The P510 (RHD) and PL510 (LHD) were the most prevalent models in most markets, including the U.S. The 1969 KP510T two-door coupe version arrived in small numbers to right-hand-drive markets, predominantly Japan's domestic market, unsaddled by engine emission regulations. The 'K' prefix cars had a coupe-style swept roofline and shorter deck lid while wagons got a 'W' prefix. In the U.S., the 1968 510 two-door sedan saw a limited introduction during the summer season, resulting in it being the rarest U.S. 510-year/model. The two-door sedan body style became popular and was imported into the U.S. in large numbers for the next 5 model years. For the 1974 U.S. model year, the 510 four-door sedan was dropped in favor of the 1974 PL610 series cars. Around the world, the J series pushrod-engined model was most common.
When first shown, at the 1967 Tokyo Motor Show, Japanese customers received the overhead-camshaft 1.3-liter engine with a claimed 72 PS (53 kW) - according to Nissan, an engine more capable than competitor Toyota's 1.5-liter version. The little engine was not helped by being married to a three-speed manual gearbox. From the beginning, however, North American customers received the larger 1.6 coupled to a four-speed all-synchro transmission. Indeed, by October 1968 the Bluebird 1600 SSS was made available to Japanese buyers, with specifications similar to those of the Datsun 510. The 510-series Bluebirds differed widely depending on the market. In South America, Asia (excluding Japan) and in Africa, 510 sedan, two-door & station wagon models traded rear independent suspension for a leaf-sprung solid axle. The engines for these markets also differed. Rather than the OHC 1.6l L-series, they received pushrod inline four-cylinder engines from the J-series with either 1.3l or 1.5l displacement. These variants were also known as Datsun 1500 (J15 engine) and Datsun 1300 (J13 engine).
In September 1970, the 1.3 and 1.5-L engines were replaced with 1.4-L units. In other parts of the world the 510 was equipped with the J-series OHV pushrod engines. In the US it remained a 1.6. In September 1971 the new, larger, Bluebird U (610) appeared in Japanese showrooms, but the 510 continued on sale as a lower-priced, more compact version. It also received a minor facelift with plastic surrounds for the headlamps, while the 1800 cc models were discontinued, and the chassis code was changed to 510N.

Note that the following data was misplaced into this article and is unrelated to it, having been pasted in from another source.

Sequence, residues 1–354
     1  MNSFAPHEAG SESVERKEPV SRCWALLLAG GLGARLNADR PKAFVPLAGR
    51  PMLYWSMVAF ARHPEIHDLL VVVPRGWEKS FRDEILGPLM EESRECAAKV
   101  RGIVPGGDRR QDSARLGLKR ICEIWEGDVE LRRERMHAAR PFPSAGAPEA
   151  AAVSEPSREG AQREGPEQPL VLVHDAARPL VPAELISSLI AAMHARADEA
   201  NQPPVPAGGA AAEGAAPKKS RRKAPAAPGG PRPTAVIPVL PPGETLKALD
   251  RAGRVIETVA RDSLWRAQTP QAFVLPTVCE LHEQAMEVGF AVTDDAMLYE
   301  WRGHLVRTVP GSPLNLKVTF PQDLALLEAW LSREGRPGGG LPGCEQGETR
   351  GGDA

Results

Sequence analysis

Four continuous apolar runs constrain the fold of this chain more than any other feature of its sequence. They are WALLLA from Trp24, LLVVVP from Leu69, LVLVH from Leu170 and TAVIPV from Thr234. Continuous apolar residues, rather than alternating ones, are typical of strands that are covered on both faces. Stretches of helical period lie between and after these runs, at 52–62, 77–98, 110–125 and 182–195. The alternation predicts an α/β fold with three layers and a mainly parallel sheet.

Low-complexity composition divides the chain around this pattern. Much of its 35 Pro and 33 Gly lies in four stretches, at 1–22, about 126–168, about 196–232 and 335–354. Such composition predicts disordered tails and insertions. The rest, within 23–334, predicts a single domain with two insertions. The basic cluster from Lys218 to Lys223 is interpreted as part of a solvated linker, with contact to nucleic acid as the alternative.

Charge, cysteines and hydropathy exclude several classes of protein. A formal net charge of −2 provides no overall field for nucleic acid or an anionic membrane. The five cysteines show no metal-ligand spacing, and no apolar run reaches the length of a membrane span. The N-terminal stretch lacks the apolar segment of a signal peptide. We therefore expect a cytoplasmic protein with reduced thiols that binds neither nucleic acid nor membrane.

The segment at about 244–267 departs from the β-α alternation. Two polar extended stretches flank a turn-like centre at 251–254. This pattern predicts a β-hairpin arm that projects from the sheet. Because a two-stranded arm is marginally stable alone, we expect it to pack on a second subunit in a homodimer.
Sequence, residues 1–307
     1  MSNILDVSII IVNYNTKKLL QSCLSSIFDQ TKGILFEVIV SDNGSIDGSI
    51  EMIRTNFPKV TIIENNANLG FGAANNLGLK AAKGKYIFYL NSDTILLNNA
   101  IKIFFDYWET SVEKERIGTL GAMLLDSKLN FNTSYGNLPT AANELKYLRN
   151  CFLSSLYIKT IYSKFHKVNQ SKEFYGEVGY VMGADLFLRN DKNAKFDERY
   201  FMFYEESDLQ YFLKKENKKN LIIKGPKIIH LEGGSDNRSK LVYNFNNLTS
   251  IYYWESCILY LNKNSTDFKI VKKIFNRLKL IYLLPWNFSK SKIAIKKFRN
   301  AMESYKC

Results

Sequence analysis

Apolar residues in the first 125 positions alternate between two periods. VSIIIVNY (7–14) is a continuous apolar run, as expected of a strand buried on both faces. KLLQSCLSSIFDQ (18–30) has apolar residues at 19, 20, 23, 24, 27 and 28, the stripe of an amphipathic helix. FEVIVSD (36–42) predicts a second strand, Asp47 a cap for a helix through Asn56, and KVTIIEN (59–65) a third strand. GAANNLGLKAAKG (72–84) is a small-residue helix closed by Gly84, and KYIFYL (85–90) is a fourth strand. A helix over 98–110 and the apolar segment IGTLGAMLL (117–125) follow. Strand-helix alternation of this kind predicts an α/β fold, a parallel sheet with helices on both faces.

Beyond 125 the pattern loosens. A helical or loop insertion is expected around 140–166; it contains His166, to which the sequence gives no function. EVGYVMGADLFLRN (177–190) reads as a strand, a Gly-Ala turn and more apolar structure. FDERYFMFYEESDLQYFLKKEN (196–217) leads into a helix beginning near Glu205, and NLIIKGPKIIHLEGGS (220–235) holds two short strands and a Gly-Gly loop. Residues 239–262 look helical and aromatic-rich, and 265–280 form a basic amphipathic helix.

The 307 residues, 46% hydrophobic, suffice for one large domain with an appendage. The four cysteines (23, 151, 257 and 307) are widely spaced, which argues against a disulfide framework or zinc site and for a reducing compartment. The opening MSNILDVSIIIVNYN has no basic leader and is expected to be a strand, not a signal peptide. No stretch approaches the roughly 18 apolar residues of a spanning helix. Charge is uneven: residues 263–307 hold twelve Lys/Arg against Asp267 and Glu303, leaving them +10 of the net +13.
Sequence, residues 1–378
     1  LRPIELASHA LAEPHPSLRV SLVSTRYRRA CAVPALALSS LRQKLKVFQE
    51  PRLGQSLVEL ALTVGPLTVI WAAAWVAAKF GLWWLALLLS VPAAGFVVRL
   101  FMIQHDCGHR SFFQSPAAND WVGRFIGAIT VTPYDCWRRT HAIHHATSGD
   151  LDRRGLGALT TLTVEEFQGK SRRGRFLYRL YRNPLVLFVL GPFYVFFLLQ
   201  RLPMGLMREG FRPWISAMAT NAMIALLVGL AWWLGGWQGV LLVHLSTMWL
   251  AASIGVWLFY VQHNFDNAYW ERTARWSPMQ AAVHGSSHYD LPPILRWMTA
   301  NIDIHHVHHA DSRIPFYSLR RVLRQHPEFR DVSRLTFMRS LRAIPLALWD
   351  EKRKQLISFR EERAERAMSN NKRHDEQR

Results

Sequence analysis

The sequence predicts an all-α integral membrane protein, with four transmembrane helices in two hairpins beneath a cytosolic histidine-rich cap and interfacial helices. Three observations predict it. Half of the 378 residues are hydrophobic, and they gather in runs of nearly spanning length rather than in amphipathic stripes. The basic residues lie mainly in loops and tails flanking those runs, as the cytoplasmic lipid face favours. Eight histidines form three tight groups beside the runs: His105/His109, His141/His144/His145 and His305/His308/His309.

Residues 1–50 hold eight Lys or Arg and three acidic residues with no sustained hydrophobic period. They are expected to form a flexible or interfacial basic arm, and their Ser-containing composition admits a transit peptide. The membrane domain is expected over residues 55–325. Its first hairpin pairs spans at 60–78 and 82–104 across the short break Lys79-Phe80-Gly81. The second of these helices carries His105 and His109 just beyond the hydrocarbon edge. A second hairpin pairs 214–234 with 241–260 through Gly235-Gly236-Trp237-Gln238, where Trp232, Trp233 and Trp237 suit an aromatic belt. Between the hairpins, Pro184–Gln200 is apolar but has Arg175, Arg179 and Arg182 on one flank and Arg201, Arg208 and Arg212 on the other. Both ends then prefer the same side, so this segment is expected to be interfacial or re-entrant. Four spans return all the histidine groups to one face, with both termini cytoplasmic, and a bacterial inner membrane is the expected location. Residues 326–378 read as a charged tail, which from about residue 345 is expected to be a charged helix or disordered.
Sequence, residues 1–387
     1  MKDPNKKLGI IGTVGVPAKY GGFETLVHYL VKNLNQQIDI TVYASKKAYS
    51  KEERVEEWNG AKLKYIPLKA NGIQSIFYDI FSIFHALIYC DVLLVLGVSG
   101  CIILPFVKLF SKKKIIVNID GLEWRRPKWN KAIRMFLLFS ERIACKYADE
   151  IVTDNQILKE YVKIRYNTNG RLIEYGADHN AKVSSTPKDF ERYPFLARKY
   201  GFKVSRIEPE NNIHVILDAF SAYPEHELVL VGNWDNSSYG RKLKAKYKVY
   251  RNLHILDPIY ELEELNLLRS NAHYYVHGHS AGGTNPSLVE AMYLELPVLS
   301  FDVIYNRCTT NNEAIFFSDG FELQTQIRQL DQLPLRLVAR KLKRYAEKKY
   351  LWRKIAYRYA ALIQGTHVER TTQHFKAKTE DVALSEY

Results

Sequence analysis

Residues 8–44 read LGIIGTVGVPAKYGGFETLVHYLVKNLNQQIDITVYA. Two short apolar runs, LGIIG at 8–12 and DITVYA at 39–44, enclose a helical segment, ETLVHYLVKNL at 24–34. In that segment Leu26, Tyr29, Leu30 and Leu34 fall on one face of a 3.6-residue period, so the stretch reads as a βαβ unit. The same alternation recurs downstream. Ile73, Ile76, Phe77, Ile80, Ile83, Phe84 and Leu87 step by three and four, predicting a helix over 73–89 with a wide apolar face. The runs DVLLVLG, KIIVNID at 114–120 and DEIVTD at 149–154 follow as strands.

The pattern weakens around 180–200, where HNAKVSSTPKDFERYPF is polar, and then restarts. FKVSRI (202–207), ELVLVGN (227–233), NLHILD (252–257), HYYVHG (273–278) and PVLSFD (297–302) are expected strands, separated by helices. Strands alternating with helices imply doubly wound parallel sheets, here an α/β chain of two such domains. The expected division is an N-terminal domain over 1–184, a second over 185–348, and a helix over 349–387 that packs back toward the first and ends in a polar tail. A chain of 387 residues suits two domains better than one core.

As well as American and Oceanic markets, the 510 was also imported into Europe. First imports were delivered shortly after the announcement of the car in Japan and was one of the models to spearhead the brand. The first UK imports were announced at the October 1968 Motorshow. The first models were the L16 saloons, with the estate versions following shortly after. L13 models arrived in early 1969, and a series of minor updates and equipment changes followed - as dictated by the changes made for the US market. The L14 model replaced the L13 in October, 1970, and was imported with the L16 until May, 1972, when the car was replaced by the far more successful (in the UK) 610. Nissan imported about 4000 510 models into the UK, and less than 10 of those original UK spec cars are known to exist. Nissan established a proper dealer network around the time the 510 was discontinued, (Octav Botnar was instrumental in the massive success of the brand in the UK) so the 510 never really received the marketing nor recognition that was achieved in other countries. All official imports in the UK were four-door saloons or estates, but several two-doors and at least one four-door SSS version are in the country.
Australian versions of the Datsun 1600 were delivered either as a full import (1967 and early 1969), or assembled in Australia from local and Japanese parts. These 510 Datsuns were equipped with L16 engines. Australia officially only received the four-door sedan and station wagon models. The last of the P510 series went through Australian assembly lines in 1972, and due to the extensive use for rallying, the cars are now quite hard to find in any reasonable condition.